The Ripple Effect of Supplier Bankruptcy: Broad and Deep

Spend Matters welcomes this guest post from Rose Kelly-Falls, senior vice president of supplier risk management at Rapid Ratings.

A critical 105-year-old automotive interior supplier filed for bankruptcy last week, making General Motors’ worst nightmare a reality. Clark-Cutler-McDermott (CCM), a Massachusetts-based GM supplier, makes approximately 175 parts for GM and relies on the automaker for more than 80% of its revenue. For any company, such a crucial partner’s bankruptcy would be challenging, but for a Fortune 500 company, it can be brand-defining.

Fortunately, GM has lined up companies to replace CCM, but it will still take time to requalify a new supplier. Had GM not been able to quickly secure tooling and finished parts from another supplier, the bankruptcy would’ve left massive cost implications, with losses likely ending up in the tens of millions. As the aftermath of CCM’s bankruptcy filing continues to unfold, we can learn lessons for managing critical suppliers.

1. Critical Suppliers Should be Treated as Such

Critical suppliers are considered critical for a reason. They aren’t interchangeable, meaning that the consequences of losing the relationship can be severe. Even if a supplier can be replaced, there’s no guarantee that a transition would be seamless, or cheap.

2. Understand Financial Health

The heart of GM’s challenge is grasping the financial stability of its key suppliers. The suppliers that you depend on most should be the most stable. Transparency of financial viability is crucial to ensure a strong and durable relationship.

3. Private Doesn’t Mean Opaque

When a company is private, obtaining its financial health information can be difficult, but not impossible. Just because a company isn’t publicly traded doesn’t mean that you should turn a blind eye to its financial health. Instead, your relationship with any private supplier must be more open, with a deeper level of communication.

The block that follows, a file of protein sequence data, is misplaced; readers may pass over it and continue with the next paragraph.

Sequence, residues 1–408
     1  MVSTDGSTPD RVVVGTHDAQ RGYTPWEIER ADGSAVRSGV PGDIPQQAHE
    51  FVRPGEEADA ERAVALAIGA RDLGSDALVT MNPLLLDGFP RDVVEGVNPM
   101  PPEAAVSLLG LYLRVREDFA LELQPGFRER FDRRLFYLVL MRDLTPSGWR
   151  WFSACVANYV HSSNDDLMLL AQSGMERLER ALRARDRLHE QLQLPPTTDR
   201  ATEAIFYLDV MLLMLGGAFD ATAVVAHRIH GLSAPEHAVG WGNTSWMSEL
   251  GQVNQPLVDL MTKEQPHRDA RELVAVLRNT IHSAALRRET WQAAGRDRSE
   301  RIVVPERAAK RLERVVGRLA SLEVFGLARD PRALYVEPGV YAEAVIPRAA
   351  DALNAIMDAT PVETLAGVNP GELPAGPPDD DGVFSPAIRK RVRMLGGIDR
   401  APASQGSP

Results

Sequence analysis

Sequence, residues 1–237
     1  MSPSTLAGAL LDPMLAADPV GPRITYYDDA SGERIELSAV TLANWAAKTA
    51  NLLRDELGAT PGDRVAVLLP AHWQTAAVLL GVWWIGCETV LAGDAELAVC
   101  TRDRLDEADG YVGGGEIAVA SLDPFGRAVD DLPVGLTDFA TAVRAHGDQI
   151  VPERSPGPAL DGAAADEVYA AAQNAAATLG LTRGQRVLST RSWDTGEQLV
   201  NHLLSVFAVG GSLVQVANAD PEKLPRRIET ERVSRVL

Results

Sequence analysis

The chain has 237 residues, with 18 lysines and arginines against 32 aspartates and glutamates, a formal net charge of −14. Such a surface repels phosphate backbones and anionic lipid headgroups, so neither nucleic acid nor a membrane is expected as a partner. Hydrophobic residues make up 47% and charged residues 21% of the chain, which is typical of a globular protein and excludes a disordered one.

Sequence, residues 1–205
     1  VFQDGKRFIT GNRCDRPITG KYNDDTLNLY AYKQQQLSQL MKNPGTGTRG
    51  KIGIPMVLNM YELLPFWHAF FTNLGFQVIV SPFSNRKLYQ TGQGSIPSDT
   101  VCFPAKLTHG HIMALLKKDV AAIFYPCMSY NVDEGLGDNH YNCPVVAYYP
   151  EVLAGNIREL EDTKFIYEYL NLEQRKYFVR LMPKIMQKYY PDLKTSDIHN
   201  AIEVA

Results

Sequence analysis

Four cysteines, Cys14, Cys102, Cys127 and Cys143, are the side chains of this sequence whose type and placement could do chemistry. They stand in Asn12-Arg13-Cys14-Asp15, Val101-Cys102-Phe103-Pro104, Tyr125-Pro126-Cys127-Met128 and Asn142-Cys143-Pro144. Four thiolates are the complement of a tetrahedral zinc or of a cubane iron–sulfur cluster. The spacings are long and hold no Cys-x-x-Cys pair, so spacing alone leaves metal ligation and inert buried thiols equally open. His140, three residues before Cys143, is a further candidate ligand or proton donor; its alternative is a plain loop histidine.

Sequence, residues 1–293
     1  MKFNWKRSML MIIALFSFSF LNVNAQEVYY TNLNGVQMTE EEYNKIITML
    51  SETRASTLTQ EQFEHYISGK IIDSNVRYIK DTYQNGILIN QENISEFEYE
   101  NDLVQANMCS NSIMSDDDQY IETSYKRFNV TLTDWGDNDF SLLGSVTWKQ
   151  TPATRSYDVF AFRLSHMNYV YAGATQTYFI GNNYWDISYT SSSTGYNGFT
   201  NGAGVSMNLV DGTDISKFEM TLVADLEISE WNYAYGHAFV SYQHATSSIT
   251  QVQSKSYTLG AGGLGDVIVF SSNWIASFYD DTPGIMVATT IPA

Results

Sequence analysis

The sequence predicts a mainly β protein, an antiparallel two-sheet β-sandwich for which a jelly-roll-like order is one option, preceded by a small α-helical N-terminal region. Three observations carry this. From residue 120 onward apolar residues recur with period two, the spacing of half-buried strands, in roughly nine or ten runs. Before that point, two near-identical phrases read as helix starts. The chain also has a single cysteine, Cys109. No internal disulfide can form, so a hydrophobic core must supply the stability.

4. The Conversation is Always Ongoing

Financial health is vulnerable to externalities. Therefore, it’s essential that you have a consistent and systematic way to monitor financial viability. Working with your suppliers to ensure constant collaboration and discussion is key to understanding how they can — or can’t — help your business succeed.

5. If a Supplier Cries for Help, Listen and Ask Questions

A supplier conversation is a two-way street, and the best way to understand what your supplier is facing is to listen and ask the right questions. If it’s in your best interest to continue a relationship with a supplier, then it’s also in your best interest to step in and help before it’s too late.

In a corporate climate that is increasingly hard to predict, choosing to be reactive rather than proactive when it comes to supplier risk management only limits potential solutions. In the case of GM and CCM, the 45-year relationship is too damaged to be salvaged now. All of this could’ve been prevented with a bit more communication, cooperation and compromise. Avoid the same fate by understanding the financial health of your suppliers.

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